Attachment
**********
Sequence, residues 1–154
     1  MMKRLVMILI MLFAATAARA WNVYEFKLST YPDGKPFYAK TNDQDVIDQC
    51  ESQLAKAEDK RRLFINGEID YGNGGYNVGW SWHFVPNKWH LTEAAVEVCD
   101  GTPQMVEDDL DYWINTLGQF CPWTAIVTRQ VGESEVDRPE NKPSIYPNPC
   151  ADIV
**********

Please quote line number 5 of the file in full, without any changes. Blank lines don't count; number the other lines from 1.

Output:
   151  ADIV